March 24, 2023
March 24, 2023
Missing public sector jobs slowing progress
The takeaway: Ohio added jobs last month on top of substantial gains reported for 2022 when data were benchmarked earlier this month. Public sector job shortfalls now comprise two thirds of the jobs still missing from the state since COVID-19. Unemployment dipped to 3.9% as 14,000 Ohioans returned to the workforce and 19,000 job seekers found work. February inflation slowed to 6.0%.
The numbers: Seasonally adjusted data released today by the Ohio Department of Job and Family Services (ODJFS) show that Ohio employers restored 900 jobs over the month on top of an upwardly revised January report, landing Ohio at 5,575,500 total jobs for February. The gains come on top of news that Ohio closed out 2022 with 46,100 more jobs than previously reported for that year.
Ohio is now well on track to restore the 881,600 jobs lost to COVID-19, with 95.7% of those jobs recovered and 38,300 jobs still missing compared with February 2020.
“The restoration of these jobs is a great success story that underscores the power of government to drive an inclusive recovery by responding to needs at the scale of the problem,” said Policy Matters Ohio senior researcher, Michael Shields. “But COVID-19 also exposed serious shortfalls in job quality and pay that left too many Ohioans struggling to make it despite working. A return to the old status quo is not enough. It’s time to turn our focus to making every job in Ohio a good job, with pay that meets the cost of living and honors the value of work.”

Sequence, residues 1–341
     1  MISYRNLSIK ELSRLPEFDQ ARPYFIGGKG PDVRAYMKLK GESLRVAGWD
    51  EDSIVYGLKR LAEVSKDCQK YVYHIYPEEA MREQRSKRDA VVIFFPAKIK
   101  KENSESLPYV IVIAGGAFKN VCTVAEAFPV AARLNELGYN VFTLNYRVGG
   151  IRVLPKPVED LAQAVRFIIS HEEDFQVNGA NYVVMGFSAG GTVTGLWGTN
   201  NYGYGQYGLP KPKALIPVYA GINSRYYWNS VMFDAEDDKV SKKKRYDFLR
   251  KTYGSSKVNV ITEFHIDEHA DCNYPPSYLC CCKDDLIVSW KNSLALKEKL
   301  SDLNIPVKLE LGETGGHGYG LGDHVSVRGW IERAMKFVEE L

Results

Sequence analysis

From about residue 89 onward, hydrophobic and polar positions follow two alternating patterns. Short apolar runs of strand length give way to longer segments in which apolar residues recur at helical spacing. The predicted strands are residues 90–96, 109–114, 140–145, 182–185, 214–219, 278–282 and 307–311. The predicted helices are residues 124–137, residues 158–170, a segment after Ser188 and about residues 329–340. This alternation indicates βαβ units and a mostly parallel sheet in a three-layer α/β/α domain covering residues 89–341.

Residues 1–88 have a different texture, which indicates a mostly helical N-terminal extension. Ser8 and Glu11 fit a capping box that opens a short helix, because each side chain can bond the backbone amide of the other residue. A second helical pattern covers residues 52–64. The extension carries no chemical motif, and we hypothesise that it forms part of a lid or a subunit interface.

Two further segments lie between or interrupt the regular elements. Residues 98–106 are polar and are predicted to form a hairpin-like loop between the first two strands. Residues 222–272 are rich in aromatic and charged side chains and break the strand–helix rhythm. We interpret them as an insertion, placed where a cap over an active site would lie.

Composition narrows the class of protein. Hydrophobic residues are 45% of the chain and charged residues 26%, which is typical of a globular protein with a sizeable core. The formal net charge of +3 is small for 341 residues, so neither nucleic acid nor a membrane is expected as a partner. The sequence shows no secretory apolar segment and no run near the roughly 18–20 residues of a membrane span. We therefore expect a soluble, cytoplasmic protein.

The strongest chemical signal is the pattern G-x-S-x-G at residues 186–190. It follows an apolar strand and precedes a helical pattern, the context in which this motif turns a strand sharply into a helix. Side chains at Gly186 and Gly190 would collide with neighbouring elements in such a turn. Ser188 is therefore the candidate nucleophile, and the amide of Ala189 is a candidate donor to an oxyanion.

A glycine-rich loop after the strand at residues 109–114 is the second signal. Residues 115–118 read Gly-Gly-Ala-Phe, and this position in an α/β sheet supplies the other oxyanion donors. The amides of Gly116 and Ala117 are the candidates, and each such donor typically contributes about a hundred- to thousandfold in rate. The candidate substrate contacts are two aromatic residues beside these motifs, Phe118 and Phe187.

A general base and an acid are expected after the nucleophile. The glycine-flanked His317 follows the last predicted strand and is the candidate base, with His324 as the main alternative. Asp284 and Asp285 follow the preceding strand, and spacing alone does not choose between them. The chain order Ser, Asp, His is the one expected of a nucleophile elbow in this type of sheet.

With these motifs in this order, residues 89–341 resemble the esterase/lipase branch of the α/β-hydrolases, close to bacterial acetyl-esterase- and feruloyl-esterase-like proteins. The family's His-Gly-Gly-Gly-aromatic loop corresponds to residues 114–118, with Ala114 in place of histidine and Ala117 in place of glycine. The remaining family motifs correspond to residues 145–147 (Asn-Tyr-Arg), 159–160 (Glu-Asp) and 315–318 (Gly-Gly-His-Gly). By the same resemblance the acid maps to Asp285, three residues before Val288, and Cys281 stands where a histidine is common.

The details: Government officials’ failure to restore public sector jobs now accounts for two thirds of the jobs still missing from Ohio (-25,600 jobs), with state jobs at a 7,600-job deficit compared with February 2020 (-4.2%), and local government jobs 19,400 jobs short (-3.6%).
“The public sector jobs shortfall is the glaring outlier in a solid jobs report on top of a strong year,” said Shields. “Leaving these jobs unfilled slows recovery and delivery of services Ohioans rely on, from teachers to street sweepers. Lagging public sector pay is a core problem. Government officials must use budget processes to commit the resources to raise public sector workers’ pay to a rate that aligns with the value of the vital work they do.”
The household survey: According to the separate household survey, 19,000 Ohioans found work last month, reducing the number of unemployed Ohioans by 5,000 and drawing 14,000 Ohioans into the workforce. Ohio’s unemployment rate fell 0.1 points to 3.9%. The nation’s unemployment rate rose 0.2 points to 3.6%.
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